(H1) Host population members are more pro-social toward in-group members than toward out-group members (individuals of immigrant origin).
2.2. Gender and Discrimination
Although Social Identity Theory provides a plausible mechanism linking ethnic differences to discrimination, it offers only limited insight on the interplay between ethnicity and gender. For that, we must turn to two additional theoretical perspectives. First, building from evolutionary theory, Navarrete et al. (2010) have developed an “outgroup-male-target” hypothesis suggesting that the basis for discrimination and prejudice stems from outgroup threats in intergroup conflict. Since this conflict has been largely perpetuated by male aggressors in human evolutionary history, these authors argue that discrimination will be targeted specifically against outgroup men.
Furthermore, another approach leading to the same expectation—that of more negative out-group bias toward young immigrant men—points to the argument that young men are more likely to commit certain hideous and violent crimes (or are at least more likely to be perceived as doing so), and are thus feared more (Gambetta and Hertog, 2017; Ward, 2019).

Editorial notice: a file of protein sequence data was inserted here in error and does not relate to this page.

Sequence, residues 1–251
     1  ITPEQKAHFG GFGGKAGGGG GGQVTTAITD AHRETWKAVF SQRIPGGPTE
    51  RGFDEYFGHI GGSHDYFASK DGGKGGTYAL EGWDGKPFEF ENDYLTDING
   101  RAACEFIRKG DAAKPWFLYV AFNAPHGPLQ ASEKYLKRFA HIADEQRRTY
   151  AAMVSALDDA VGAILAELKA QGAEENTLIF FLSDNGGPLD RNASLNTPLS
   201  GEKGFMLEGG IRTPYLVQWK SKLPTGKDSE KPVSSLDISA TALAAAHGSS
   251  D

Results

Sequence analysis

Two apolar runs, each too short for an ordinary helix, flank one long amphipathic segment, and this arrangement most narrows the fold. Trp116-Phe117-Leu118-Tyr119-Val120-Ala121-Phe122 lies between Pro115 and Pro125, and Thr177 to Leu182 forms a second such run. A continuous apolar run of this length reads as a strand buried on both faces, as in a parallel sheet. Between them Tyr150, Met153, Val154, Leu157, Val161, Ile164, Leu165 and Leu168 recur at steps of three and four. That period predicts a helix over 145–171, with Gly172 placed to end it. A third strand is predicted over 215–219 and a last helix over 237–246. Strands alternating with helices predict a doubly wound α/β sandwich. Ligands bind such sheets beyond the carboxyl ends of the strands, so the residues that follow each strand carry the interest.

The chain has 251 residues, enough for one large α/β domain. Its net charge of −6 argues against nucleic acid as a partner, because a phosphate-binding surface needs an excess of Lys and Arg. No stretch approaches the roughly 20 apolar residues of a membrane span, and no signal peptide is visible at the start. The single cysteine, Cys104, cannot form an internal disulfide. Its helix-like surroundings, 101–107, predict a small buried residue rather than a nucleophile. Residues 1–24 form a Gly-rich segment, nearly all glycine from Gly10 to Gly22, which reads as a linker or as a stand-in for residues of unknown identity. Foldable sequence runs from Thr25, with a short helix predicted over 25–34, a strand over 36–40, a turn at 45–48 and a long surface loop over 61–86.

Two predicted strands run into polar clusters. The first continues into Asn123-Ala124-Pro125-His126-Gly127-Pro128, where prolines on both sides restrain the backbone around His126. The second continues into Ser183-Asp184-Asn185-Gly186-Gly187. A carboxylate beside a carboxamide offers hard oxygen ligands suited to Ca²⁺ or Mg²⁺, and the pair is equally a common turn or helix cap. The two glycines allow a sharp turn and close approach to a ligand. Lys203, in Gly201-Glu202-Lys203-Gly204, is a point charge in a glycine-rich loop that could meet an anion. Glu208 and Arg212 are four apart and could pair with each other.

This line of research is closely related to social-psychological work on the Integrated Threat Theory, which has linked negative attitudes and prejudice toward immigrants to different types of threat, including realistic and symbolic threat (Stephan and Stephan, 2018)1. Even if immigrants do not commit crimes at a higher rate than natives (Feltes et al., 2018), adding more people of this potentially “risky” demographic may per se be a reason for natives to perceive immigrant men as a greater security threat.